Nachtwey’s attempts to explain and justify his career only highlight the underlying issues. How can a person dying of cholera or starvation give consent to be photographed? Is it possible for a mother who has just learned of the death of her son or husband to make an informed decision about how images of her might be used in the media? Nachtwey wants his subjects to be joint contributors to his cause of publicizing events in the world and, with a bit of luck, bringing some relief. Indeed, he tells us he will only film victims of famine when relief workers are present. Nachtwey clearly would hate to make his fame and fortune exploiting the suffering of his fellow human beings. The film does not reveal Nachtwey’s net worth or his contributions to relief in the form of donations or volunteering, but he is presented as a dedicated individual with little concern for his personal comfort or safety.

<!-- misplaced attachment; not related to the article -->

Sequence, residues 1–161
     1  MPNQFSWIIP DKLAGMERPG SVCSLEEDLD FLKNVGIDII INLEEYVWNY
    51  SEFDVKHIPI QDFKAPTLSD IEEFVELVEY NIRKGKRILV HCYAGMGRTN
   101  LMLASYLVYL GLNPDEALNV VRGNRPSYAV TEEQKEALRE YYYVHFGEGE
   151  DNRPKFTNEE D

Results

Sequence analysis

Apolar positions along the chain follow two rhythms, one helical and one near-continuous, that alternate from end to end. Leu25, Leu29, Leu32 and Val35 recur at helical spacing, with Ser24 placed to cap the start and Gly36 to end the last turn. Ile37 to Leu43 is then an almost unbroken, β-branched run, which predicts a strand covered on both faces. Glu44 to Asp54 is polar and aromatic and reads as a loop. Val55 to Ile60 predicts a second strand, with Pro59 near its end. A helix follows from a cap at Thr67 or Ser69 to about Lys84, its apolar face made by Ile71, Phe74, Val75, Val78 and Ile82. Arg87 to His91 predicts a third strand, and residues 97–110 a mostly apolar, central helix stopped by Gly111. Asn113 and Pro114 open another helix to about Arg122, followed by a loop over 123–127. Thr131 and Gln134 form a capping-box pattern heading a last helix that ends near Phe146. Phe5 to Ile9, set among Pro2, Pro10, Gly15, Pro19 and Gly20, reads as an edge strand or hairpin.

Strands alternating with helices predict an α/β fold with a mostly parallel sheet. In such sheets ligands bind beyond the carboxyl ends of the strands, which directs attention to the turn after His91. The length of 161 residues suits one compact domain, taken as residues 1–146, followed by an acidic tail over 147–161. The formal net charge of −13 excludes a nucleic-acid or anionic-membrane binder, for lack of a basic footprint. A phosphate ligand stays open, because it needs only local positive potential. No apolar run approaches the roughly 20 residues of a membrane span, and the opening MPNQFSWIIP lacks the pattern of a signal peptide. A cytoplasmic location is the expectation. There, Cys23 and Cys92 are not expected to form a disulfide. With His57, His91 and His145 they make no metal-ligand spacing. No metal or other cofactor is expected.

The fact remains that Nachtwey has garnered fame[1] and attention for his photographs, and he may well violate Kant’s injunction against using others as a means to one’s own ends. Without dealing with Kant explicitly, Nachtwey claims that his goal is merely to help his subjects meet their own ends. He assumes his subjects do not want to be victims of war, poverty, and famine, so he makes every effort to publicize their plight in hopes of securing relief. If we fault Nachtwey for his project, then we may also fault writers (bioethicists among them) who publicize tragic events in order to publish in journals and advance their careers. It may be that Nachtwey is merely a more effective bioethicist (at least in the sense intended by Potter) than those who publish in journals or even the popular press. Publishing in internationally distributed magazines such as Geo and Time Magazine, Nachtwey reaches millions of affluent individuals and confronts them with compelling images.